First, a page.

Detroit Pistons get 2 for 1 in trade proposal with Grizzlies

Alec Burks #5 of the Detroit Pistons reacts against the New Orleans Pelicans (Photo by Jonathan Bachman/Getty Images)
Alec Burks #5 of the Detroit Pistons reacts against the New Orleans Pelicans (Photo by Jonathan Bachman/Getty Images) /
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Detroit Pistons
Brandon Clarke #15 of the Memphis Grizzlies looks on against the Detroit Pistons (Photo by Nic Antaya/Getty Images) /

Detroit Pistons: Trade proposal with Memphis Grizzlies

Given the context of Burks’ expiring deal, this seems like the high end of what the Detroit Pistons could expect in a trade, as they’d getting two guys in Clarke and Williams who could potentially be in the rotation.

Clarke is a versatile big who would give the Pistons an actual backup power forward and another guy who can occasionally play the five in small-ball lineups. He’s a better defender than any of the options they currently have, and Clarke is still only 27 years old and has been a part of a winning organization for his entire career.

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In Williams, the Detroit Pistons would be getting another big wing/forward with great athleticism and size for the position. He has two-way potential and would help the Pistons’ right away defensively as his offensive game evolves.


There are some issues with both guys. Clarke is coming off a serious injury that cost him a big part of last season and has never played more than 64 games in a season in his career. He also has four guaranteed years left on his deal at $12.5 million per season, so he’d be a long-term financial investment that Detroit might not want to make in a guy who hasn’t stayed healthy and profiles as a backup big.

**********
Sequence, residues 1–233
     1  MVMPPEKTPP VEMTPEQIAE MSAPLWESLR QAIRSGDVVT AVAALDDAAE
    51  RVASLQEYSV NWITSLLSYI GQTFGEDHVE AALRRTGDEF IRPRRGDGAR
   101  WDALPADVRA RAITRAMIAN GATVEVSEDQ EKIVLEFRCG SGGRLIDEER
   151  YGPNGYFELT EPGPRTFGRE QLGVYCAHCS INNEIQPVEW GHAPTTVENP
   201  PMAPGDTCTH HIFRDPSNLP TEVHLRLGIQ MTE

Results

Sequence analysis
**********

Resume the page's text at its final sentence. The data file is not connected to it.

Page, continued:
Of course, that’s about the going rate for backup bigs these days, and if the Pistons could eventually move Marvin Bagley III, that salary slot would open up for Clarke.

Williams is less of a financial burden, as he only has a team option left on his deal after next season that pays him $6.1 million in 2024-25, which could be a great investment if he continues to progress. He’s not gotten much of a chance in Memphis, but he’s an athletic 6-foot-8 forward who fits the profile of what the Detroit Pistons need.

Neither player can shoot at all from 3-point range, though Williams at least has some potential in that regard, so they’d be trading out one of their best 3-point shooters for two athletic forwards who can’t shoot.

This comes down to whether the Pistons view Alec Burks as part of the long-term plans and if they thought a four-year investment in Brandon Clarke would be a bargain or a burden.

Clarke’s $12.5 million salary could be a great deal or another one that Troy Weaver ends up regretting, so my guess is that the Detroit Pistons would stay with the devil they know and keep their financial flexibility by turning down this deal if it were offered.

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